Edith Steyer

July 1, 2020

Hoax and add-ons

Creative Sources CS 574 CD

Patrick Shiroishi

Eye for an Eye

Armageddon AN-R-8

Kārlis Auziņš

Oneness and the Transcendent Truth

Gotta Let It Out GLIO 43 CD

Travis LaPlante


New Amsterdam No #

Don Malfon

On Resonance

Sirulita Records SR 2001

Perception rather than poverty is what draws many musicians to record a solo session. Considering the uncertainties involved though, these players usually specialize in improvised sounds. Additionally, building on years of reed experimentation, saxophonists are most prone to taking the solo risk. Using differently pitched instruments, five saxophonists from four countries probe various reed parameters here. What unites them is that each advances unique methods to propel his or her sonic investigations.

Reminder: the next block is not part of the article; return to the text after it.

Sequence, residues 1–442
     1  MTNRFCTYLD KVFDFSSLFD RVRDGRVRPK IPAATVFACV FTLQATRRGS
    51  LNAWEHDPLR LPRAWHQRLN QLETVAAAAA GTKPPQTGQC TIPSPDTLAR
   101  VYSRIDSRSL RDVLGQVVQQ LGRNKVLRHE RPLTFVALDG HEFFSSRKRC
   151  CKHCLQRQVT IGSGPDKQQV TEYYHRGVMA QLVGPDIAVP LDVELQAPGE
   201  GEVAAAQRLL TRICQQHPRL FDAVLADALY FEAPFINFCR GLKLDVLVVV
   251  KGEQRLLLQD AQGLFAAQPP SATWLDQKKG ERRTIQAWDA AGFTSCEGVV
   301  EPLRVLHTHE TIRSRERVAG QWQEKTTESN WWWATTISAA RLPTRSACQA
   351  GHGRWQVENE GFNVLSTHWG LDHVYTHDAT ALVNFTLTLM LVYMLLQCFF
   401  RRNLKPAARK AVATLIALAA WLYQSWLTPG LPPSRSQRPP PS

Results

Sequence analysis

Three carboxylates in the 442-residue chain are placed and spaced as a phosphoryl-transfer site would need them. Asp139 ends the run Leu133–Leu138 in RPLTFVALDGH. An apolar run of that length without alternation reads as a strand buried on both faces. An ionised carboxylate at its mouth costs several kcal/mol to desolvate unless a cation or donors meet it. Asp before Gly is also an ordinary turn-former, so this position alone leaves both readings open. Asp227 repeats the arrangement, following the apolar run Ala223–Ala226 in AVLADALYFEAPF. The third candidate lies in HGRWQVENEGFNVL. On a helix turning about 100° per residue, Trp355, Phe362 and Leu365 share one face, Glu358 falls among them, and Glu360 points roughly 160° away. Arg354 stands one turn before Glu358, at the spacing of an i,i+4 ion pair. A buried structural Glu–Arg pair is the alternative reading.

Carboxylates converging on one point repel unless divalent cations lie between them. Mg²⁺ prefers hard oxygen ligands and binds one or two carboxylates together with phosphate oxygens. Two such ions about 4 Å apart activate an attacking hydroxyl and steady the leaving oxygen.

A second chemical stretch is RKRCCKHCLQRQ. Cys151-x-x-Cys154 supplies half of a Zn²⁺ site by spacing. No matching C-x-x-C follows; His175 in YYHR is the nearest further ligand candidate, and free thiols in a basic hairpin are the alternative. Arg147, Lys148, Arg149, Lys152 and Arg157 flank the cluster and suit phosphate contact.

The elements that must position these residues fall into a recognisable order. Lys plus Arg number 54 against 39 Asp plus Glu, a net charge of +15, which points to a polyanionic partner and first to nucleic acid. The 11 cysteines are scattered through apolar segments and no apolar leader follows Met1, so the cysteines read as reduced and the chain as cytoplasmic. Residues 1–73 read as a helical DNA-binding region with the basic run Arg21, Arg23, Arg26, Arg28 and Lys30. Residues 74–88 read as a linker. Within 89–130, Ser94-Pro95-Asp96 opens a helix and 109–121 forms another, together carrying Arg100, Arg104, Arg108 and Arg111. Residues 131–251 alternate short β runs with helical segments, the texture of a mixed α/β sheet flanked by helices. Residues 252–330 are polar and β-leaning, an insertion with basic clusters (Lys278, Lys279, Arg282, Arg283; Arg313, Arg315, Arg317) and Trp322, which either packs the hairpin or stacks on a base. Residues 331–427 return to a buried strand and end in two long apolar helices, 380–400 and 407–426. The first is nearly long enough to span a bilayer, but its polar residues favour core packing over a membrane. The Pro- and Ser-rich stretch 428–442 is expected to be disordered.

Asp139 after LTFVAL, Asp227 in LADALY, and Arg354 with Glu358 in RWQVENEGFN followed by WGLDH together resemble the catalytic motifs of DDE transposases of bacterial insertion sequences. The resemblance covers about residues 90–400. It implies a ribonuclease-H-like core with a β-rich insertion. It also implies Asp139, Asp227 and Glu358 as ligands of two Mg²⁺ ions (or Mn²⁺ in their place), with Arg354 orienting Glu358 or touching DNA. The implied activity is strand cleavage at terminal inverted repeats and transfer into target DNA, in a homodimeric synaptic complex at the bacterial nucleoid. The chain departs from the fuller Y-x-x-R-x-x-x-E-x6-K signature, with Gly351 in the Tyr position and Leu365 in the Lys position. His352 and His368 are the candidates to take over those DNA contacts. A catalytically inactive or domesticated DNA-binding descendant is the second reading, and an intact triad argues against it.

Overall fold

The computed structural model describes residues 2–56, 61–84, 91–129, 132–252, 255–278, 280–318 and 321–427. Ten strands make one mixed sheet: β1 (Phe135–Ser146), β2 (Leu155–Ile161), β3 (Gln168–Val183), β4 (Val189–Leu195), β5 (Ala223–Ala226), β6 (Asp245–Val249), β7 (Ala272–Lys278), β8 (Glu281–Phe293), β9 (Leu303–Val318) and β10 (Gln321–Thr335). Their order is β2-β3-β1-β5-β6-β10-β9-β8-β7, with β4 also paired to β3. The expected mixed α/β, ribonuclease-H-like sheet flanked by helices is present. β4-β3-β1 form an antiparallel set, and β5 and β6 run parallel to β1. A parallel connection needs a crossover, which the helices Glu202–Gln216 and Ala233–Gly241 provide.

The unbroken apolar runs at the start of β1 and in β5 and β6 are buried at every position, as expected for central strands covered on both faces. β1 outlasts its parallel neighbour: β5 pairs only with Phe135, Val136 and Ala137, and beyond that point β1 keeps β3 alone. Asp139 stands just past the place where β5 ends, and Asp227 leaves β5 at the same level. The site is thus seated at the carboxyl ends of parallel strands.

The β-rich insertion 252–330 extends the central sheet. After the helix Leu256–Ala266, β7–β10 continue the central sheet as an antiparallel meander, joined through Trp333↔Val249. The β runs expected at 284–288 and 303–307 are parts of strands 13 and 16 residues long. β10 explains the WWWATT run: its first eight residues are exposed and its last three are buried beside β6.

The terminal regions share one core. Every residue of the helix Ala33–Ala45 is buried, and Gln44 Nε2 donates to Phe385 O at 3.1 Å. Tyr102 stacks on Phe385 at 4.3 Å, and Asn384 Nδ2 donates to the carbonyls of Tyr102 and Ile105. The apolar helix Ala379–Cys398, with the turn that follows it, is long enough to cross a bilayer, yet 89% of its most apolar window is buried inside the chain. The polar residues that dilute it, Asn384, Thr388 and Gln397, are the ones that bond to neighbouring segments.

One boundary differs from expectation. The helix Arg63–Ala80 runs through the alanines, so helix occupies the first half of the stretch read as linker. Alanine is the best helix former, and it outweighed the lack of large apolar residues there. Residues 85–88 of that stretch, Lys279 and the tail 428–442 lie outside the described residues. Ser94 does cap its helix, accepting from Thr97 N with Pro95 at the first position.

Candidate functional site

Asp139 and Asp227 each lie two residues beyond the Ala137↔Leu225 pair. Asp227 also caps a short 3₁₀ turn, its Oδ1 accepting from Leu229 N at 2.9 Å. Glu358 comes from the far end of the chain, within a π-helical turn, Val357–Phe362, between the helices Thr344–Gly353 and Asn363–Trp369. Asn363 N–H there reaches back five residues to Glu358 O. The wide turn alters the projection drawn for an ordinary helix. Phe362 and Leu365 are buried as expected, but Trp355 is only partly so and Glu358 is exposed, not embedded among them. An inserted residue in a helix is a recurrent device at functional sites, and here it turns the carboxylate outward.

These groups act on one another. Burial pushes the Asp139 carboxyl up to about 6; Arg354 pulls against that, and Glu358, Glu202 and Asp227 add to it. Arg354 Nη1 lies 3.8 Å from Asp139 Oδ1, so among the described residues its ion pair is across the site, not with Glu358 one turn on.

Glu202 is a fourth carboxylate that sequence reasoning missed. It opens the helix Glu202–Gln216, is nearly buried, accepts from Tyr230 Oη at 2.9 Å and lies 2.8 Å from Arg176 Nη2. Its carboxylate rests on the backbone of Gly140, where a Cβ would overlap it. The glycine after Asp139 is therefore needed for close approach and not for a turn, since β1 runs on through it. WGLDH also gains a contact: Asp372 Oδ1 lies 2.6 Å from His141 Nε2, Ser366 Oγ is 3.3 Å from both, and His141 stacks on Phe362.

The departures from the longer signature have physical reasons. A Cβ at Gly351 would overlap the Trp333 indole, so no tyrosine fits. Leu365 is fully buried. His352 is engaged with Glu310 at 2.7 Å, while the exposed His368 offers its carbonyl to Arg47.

Adjusting his skills to the little-used sopranino saxophone, Los Angeles-based Patrick Shiroishi, who has recorded with likes of Alex Cline and Vinny Golia, creates a single track improvisation on Eye for an Eye which moves from silence to shrill and back again. Constrained only by the limitations of breath and timbres to create his narrative, Shiroishi cannily uses both concepts to best advantage. Wriggling his way from dissonant pitches to pinched cries and snarled yelping at the beginning, Shiroishi soon turns to flutter tonguing and sharp breath intakes to create staccato surges and accented echoes with a piping recorder-like air that build up to and away from protracted silences. By mid point he introduces multiphonics, propelled with near-bagpipe tremolo power, with drawn out drones and squeals suggesting they come from two separate reeds playing in tandem. At the same time his adroit circular breathing deftly draws even higher pitches from the horn in a way that seems to be eviscerating the instrument’s mechanical innards. After triple-tongued sweeps vibrate at even more elevated pitches without losing sight of chromatic motion, the track climaxes as it moves downwards. The ending consists of an impressive series of squeaks and whistles, completed by a single passionate shrill.